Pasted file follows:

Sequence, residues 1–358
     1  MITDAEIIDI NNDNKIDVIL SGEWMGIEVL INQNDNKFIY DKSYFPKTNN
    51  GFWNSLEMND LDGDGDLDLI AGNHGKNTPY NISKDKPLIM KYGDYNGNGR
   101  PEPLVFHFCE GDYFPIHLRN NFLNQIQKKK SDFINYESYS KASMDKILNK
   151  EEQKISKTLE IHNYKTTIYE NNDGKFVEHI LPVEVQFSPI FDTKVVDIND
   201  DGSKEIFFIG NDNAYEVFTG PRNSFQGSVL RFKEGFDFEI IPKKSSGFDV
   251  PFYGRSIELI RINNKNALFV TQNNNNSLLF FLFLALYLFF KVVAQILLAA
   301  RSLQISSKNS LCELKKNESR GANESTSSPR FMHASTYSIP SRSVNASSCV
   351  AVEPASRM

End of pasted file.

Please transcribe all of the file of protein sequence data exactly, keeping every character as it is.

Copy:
Sequence, residues 1–358
     1  MITDAEIIDI NNDNKIDVIL SGEWMGIEVL INQNDNKFIY DKSYFPKTNN
    51  GFWNSLEMND LDGDGDLDLI AGNHGKNTPY NISKDKPLIM KYGDYNGNGR
   101  PEPLVFHFCE GDYFPIHLRN NFLNQIQKKK SDFINYESYS KASMDKILNK
   151  EEQKISKTLE IHNYKTTIYE NNDGKFVEHI LPVEVQFSPI FDTKVVDIND
   201  DGSKEIFFIG NDNAYEVFTG PRNSFQGSVL RFKEGFDFEI IPKKSSGFDV
   251  PFYGRSIELI RINNKNALFV TQNNNNSLLF FLFLALYLFF KVVAQILLAA
   301  RSLQISSKNS LCELKKNESR GANESTSSPR FMHASTYSIP SRSVNASSCV
   351  AVEPASRM